Mazibuko Jara, a former spokesman and strategist for the SACP who was expelled from the party for expressing critical views, says that while the SACP has been able to maintain a critique of the ANC’s neo-liberal policies, they have failed to use the political space to make sure that leftist policies are taken forward and implemented.
“South Africa has the largest number of protests in the world, but these are having no effect because the left is not united and organised,” he says.
Together with a group of former SACP activists and key figures from South African NGOs and universities, Jara has recently called for a Conference for a Democratic Left (CDL).
“Our call this May Day was for a united platform for struggle across the board, which is important for the whole of southern Africa because South Africa is central to this region,” Jara says.
Although the CDL is being led by key communist figures such as Vishwas Satgar, a former provincial leader of the SACP, and Martin Legassick, a renowned academic and anti-Apartheid activist, most trade unions are firmly locked in with the ANC.
“In our country the left has been disparate and many of the values we fought for in our struggle against Apartheid have gone on the wayside for the mindless pursuit of profit and material advancement,” says Vally.
“We have given capitalism over 15 years and it has failed to deliver even basic services to the people, so we have to look for alternatives that are not based on profit, which will deliver education, health care and development to our people.”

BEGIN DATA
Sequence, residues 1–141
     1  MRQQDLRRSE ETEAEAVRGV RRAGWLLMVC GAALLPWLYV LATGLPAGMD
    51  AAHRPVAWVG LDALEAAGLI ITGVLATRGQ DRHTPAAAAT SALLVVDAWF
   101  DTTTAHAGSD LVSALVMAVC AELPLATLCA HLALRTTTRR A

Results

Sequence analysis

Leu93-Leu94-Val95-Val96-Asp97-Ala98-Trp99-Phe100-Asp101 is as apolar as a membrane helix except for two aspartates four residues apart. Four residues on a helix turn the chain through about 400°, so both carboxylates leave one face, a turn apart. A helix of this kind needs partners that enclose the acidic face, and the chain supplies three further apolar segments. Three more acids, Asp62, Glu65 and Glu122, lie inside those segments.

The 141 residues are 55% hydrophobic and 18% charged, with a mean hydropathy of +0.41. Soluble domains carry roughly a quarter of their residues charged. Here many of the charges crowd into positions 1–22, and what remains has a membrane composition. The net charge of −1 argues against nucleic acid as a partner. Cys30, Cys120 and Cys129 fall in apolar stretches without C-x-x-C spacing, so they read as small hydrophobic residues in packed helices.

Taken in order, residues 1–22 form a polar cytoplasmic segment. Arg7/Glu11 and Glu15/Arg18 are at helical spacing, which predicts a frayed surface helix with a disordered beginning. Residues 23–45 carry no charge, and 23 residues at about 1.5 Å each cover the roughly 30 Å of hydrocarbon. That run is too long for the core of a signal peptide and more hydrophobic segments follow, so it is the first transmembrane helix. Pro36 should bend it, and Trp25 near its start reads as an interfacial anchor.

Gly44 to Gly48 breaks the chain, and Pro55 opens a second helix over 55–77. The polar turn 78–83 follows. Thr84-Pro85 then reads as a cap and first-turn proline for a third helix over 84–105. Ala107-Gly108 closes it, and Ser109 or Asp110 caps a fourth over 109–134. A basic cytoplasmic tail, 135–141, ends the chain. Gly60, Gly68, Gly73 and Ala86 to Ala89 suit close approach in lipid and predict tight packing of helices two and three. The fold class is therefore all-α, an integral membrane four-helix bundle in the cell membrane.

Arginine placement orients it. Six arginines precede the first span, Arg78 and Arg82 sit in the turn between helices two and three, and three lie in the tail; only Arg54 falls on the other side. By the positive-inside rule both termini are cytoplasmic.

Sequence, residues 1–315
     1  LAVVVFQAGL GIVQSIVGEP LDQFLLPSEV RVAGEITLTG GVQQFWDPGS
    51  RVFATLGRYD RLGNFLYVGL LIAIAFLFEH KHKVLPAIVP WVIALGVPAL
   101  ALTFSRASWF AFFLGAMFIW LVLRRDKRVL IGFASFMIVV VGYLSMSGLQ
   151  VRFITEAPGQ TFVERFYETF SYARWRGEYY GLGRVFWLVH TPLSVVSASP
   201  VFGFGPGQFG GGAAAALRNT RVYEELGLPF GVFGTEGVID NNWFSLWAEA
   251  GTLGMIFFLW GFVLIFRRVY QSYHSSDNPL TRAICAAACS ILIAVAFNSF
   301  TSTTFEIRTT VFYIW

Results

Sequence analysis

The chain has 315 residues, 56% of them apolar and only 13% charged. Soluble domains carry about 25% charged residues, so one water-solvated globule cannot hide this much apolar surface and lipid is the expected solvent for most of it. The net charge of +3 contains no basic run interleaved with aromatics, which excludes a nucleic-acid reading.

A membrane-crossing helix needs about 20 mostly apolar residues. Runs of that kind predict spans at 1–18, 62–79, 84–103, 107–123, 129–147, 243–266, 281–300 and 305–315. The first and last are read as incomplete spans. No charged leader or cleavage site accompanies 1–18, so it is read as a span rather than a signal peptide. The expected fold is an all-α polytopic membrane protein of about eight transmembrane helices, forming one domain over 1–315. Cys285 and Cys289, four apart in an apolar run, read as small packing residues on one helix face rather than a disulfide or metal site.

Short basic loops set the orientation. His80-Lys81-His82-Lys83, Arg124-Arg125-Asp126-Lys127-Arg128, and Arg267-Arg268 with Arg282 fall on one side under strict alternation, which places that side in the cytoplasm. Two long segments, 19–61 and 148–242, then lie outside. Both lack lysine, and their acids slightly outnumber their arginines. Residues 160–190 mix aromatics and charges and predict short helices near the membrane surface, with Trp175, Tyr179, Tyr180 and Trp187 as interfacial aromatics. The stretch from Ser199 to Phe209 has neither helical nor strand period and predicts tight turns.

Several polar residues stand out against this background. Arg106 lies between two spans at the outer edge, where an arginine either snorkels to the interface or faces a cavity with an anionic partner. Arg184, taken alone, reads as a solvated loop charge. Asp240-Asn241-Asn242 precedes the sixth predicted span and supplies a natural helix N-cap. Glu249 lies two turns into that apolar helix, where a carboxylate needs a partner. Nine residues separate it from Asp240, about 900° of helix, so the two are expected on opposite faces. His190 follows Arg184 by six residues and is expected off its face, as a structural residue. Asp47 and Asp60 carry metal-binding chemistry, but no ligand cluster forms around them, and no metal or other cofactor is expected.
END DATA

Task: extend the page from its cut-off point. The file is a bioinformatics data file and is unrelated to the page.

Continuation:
While deep divisions exist within the tripartite alliance, many believe that there is little chance that Cosatu and the SACP will make the necessary break from the ruling party.
Recognising the divisions, Zuma used the May Day rally to call on the alliance partners to stand together and to be united in order to transform the lives of South Africans.
“There is still a lot that we must do together to advance the interests of workers,” Zuma said.
But, Vally says that the global financial crisis has revealed the failings of capitalism. “We were told that there was no alternative to capitalism, but this [the financial crisis] has shown that it has failed.”
“The communist party (SACP) has been compromised and it will continue to be compromised for as long as it stays in the alliance with the ruling party.”
So while the left struggles to regroup and reorganise, South African workers continue to march on May Day, in the hope that their pleas are not in vain.